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The NFL

It’s important to put the NFL in context.

Understand that it’s fucking Mordor.

It’s totally evil.

It really is.

Entertain for a moment the idea that the NFL might actually be nothing more than a flashy delivery system for gambling. The games are just accessories created to facilitate the exchange of a mind-bending amount of money. It’s impossible to calculate how much cash– both legally and illegally– is bet on the NFL each year, but it’s hundreds of billions of dollars. It might be a trillion. The NFL, and the owners of each of the the 32 teams that comprise the league, make pornographic amounts of money– so much so that even the pathologically greedy Donald Trump wanted in on the action back in the 80’s.

Working beneath these overlords are the players. About 70% of them are black, and the average length of a career is about 3 1/2 years. It is a brutal, collision-based sport, but beyond the mechanical failure of knees, hips and such, there is CTE, a brain disease that virtually every football player seems to acquire due to the concussive nature of the sport. And because the NFL is evil, they withheld this information from the players even as symptoms set in and raged amongst them.

Essentially, what the NFL does is hire people to engage in combat while America bets on who the winner will be.

It’s the bread and circuses we’re fed.

The game itself is about martial precision rather than athletic improvisation. The players are armoured and anonymous, strategically deployed by the technocrats on the sidelines, and whatever exuberance or individuality they bring to the game is swiftly crushed. When celebrating and dancing after a touchdown became a thing, the league outlawed it. It was considered “disrespectful,” ( but not in the same way that calling a team The Redskins might be “disrespectful”) which put another way means it was considered too black. In effect, they took an African-American product, subordinated it to the tastes of a conservative white audience, and profited obscenely from it.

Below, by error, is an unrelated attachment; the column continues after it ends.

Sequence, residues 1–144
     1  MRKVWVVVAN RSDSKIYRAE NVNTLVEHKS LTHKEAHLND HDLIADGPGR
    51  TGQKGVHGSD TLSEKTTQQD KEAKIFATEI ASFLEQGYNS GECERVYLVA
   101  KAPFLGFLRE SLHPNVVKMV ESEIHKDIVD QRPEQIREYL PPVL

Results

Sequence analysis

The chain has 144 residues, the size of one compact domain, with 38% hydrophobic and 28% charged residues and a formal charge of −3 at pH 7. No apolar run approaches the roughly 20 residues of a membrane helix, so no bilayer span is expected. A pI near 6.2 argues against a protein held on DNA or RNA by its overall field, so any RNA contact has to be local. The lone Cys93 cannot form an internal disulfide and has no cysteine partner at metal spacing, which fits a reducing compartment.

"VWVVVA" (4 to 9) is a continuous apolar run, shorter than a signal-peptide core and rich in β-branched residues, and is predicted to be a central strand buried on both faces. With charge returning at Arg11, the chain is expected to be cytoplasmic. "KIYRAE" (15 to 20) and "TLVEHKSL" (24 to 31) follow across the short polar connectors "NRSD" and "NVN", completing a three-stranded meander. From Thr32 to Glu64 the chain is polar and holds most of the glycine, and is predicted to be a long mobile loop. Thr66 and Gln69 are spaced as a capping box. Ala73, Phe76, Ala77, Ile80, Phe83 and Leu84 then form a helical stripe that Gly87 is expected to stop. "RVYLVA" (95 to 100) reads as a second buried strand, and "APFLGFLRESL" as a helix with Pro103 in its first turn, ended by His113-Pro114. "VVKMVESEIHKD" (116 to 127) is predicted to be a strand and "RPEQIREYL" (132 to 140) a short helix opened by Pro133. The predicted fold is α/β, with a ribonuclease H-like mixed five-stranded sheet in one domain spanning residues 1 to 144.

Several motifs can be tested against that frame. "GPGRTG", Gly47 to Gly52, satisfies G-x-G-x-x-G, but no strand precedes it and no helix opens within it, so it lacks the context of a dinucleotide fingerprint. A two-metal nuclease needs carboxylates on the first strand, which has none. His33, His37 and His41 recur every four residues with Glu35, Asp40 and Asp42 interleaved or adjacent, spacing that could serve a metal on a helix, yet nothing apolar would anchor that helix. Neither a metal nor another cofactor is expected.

Colin Kaepernick, a talented black quarterback, ( It was not that long ago that a black quarterback in the NFL was unheard of, the belief being that they didn’t have the “faculties” to perform the job) began the practice of taking a knee during the national anthem as a protest against against racial injustice.

He was subsequently black-balled from the league, even though his talents should have been in high demand. In his absence, others players stepped up to continue the practice, all of which came to a head when Trump started calling for the sons of bitches to be fired. This cynical and amoral manipulation of existing divisions in the nation forced the players and owners to respond.

Siding with those who are against racial injustice and for freedom of expression seems like a pretty obvious choice. I mean, this is a no-brainer, right? History is unfolding in such a way that it’s forcing people to make a choice, whether they want to or not, and many players took the knee. And the photographs–all so familiar, inevitable and urgent– were deeply moving. They gave me chills, and for a moment it was easy to believe that things might finally be changing for the good.

But then again, this movement was taking place largely within the pitiless machine that is the NFL, and so many sought a middle road that they hoped wouldn’t interrupt any revenue streams. The Dallas Cowboys, led by their owner, took a knee before the anthem, and then standing, locked arms as a team during the anthem.

It was a muddle of a message, one that managed to suggest the players had some sort of solidarity with ownership instead of a grievance with institutional racism, but that was the point. It was supposed to mean all things to all people. Ultimately, they co-opted the symbolism of Kaepernick’s protest to support the idea of “protest” without actually joining the protest. It was nothing more than damage control, a gesture as empty of meaning as a Pepsi commercial, and one more thing the NFL can add to it’s wall of shame.

One Comment Post a comment
  1. Jon Miller #

    Full Disclosure: I am old enough to have watched (on TV) the very first Dallas Cowboys game and still, to this day, bleed Silver and Blue.
    Or, I did… until last night.
    When Jones and his players took a knee together, I was elated. When they then stood, I was gutted.
    A huge, empty, meaningless gesture but the kind of gesture Jones usually makes.
    Players continue playing despite knowing all of the risks for injury. I kept watching because I enjoyed the games.
    Until last night.
    Last night, what I saw turned my stomach… so I turned off the television and swore off Cowboys football.
    Thank you your great words on the subject. Well done, sir.

    September 26, 2017

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